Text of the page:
“She was finally able to mellow out and start processing what it means to think and have thoughts,” Qulani adds. “Her pillory brought to her a period of reflection and learning—about identity, and wanting an identity of her own.”

Briar already knew the identity she didn’t want to have. She didn’t want to be a mindless killing machine any longer. And she definitely didn’t want to follow orders. Instead, Briar wanted to choose her own path and she was eager to make up for lost time. She couldn’t stay in the facility any longer.

This is when we first encounter Briar—well on her way to bigger and better (and bloodier?) things. But more importantly, ready to experience the world.

In her champion reveal, we meet an eager, bright-eyed Briar who becomes friends with the first person she sees—at least in her mind. Companionship and the occasional warm pint of blood are the motivations that keep Briar going, and they’re also what bring her back from her frenzy.

Nowadays, she’ll only break out of the device when she absolutely needs to—a blessing for her, but a “cursing” for her opponents.

Overall, Briar was a balancing act to create. The team wanted to build Briar around a loss of control, but they still needed to preserve a sense of autonomy. They knew she should be a champion with flaws, but not a victim; naive, but not childish; a woman, but not sexualized; enthusiastic about life, but not annoying. Briar has all the confidence of a fresh college graduate with the same penchant for awkward humor. Plus, she can shred you to pieces. And she’s beginning to discover her power and place in Runeterra.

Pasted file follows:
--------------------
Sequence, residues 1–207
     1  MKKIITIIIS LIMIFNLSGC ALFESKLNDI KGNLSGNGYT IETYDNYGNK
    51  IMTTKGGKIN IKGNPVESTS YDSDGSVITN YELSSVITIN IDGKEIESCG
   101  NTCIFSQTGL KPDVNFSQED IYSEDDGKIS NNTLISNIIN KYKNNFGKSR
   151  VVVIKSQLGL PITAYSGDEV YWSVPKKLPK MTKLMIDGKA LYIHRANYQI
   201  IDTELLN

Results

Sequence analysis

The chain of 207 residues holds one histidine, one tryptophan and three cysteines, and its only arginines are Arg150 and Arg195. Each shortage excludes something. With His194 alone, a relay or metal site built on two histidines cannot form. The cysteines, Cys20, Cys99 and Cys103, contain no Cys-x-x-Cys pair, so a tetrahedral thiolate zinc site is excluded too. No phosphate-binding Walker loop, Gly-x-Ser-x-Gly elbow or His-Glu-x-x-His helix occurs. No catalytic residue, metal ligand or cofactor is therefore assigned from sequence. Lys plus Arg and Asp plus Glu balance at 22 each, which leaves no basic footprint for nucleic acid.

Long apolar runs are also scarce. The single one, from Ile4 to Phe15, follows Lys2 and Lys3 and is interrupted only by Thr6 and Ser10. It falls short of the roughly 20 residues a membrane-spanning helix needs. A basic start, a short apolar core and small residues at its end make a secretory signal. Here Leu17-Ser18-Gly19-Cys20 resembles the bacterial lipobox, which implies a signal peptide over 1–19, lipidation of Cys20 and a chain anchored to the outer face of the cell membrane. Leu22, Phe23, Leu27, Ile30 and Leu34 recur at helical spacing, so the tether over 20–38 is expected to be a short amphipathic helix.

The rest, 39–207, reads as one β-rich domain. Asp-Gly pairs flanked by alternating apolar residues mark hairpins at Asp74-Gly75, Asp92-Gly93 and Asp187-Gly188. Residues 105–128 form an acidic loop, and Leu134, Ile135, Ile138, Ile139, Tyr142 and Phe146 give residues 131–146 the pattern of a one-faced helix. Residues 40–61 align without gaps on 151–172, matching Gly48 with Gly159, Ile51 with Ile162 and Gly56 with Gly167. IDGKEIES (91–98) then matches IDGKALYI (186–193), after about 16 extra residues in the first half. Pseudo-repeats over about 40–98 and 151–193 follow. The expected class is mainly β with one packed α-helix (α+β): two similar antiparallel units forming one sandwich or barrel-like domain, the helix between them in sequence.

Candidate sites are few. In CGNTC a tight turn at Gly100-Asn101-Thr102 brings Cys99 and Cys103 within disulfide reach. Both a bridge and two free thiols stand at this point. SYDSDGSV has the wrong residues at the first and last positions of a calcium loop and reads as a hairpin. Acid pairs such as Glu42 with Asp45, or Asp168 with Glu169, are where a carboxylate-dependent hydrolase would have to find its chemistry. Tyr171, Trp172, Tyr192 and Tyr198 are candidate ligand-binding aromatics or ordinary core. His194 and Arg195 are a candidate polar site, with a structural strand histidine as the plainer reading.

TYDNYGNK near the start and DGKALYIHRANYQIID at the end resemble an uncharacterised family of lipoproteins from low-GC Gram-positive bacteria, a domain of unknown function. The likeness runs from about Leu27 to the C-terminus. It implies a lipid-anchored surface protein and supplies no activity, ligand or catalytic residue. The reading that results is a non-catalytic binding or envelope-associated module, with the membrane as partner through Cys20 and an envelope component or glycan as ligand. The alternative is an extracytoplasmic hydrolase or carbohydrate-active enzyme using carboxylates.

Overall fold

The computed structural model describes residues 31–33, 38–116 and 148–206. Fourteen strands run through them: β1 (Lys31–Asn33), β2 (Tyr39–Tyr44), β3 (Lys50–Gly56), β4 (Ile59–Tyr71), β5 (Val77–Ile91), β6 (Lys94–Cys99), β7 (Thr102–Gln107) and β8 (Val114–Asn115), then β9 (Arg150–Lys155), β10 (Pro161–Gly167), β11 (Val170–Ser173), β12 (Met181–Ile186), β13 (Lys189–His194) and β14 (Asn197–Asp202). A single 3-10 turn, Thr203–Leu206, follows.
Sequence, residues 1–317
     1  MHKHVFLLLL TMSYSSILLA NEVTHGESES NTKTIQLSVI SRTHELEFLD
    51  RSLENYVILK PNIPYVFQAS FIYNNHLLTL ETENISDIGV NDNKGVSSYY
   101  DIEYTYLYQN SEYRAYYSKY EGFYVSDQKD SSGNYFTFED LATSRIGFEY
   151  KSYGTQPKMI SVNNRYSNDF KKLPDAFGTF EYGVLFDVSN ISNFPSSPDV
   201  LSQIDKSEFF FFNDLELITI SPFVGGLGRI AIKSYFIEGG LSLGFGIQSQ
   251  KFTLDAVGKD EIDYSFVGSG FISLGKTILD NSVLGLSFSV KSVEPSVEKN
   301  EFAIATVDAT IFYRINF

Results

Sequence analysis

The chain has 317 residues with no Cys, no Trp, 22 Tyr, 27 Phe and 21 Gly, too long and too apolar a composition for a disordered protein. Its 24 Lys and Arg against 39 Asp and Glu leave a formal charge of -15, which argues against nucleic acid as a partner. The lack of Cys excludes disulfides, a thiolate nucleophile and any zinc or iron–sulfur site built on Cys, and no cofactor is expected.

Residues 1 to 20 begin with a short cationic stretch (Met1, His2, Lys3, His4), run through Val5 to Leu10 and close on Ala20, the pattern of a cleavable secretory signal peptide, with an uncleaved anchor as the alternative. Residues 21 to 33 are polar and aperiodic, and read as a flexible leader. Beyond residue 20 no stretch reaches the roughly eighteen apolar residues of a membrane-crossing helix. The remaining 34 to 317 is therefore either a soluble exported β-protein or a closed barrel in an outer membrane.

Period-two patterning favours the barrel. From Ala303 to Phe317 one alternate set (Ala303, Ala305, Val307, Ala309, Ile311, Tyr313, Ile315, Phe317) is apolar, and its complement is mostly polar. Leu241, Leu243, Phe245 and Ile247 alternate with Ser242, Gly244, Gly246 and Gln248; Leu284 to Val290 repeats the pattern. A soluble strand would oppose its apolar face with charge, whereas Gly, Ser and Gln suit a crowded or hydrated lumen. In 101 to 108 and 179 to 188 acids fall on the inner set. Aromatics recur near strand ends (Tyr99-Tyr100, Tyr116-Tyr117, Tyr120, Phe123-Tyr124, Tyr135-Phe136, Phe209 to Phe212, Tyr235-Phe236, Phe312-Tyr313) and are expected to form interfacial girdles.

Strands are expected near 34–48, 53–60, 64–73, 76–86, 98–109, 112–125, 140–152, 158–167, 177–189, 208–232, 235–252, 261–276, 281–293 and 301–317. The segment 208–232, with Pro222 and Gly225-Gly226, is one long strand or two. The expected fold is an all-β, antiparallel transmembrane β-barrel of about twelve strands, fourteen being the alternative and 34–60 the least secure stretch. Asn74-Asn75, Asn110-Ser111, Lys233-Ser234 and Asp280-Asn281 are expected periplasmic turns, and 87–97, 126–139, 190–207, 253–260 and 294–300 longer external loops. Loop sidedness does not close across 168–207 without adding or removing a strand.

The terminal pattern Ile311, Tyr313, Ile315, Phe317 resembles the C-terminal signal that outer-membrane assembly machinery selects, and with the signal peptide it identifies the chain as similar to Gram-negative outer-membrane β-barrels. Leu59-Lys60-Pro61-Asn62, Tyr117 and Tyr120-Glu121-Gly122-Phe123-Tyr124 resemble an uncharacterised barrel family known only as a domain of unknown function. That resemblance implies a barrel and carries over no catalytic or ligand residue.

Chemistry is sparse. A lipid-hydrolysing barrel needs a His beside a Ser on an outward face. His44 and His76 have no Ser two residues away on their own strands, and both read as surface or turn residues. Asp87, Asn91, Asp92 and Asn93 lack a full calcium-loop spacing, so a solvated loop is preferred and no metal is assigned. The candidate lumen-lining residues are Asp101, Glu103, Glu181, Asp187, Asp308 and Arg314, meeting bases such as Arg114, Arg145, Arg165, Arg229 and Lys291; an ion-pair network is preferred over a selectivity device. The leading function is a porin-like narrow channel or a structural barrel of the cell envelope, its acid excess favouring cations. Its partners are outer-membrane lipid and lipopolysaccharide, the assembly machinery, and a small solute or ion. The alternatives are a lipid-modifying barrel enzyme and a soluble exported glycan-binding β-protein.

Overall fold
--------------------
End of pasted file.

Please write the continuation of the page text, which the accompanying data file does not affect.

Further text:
Briar’s personality starts to come through in early movement studies.

Much of that power and personality was brought to life through her voice actor, Julie Nathanson.

“We felt so much better when we found Julie as our actor,” TwoWeevils says. “She was so great for giving us different kinds of reads for every line. It was actually hard to choose sometimes which ones we should pick for the game. She helped us find the perfect balance with Briar’s newfound personality and her frenzied state.”

The VO team collaborates closely with the NA voice actor to help inform how they finalize the character, both in writing and performance. That performance also serves to influence how other regions finalize the character around the world. Finally being able to hear the clear delineation between the blood-crazed Briar and her restrained personality in Julie’s performance was a big sigh of relief. And it lined up perfectly with her gameplay.

Unholy Diver

A willful loss of control was part of Briar’s kit from the very beginning. The design team actually had this mechanic in their arsenal after work on another recent champ with a nose for blood—Naafiri.

“Glenn ‘Riot Twin Enso’ Anderson was working on Naafiri when he came up with Briar’s W, her frenzy,” lead game designer, August Browning reveals. “You’d lose control and go rip somebody apart. That felt good for a dog champ, but it didn’t feel like an assassin, which is what Naafiri was always meant to be. Assassins want to kill their targets as fast as possible. A frenzied state needs some time to feel correct.”

So if frenzy is bad for an assassin, how about putting it on a champion who was canonically bad at being an assassin? Gigabrain move.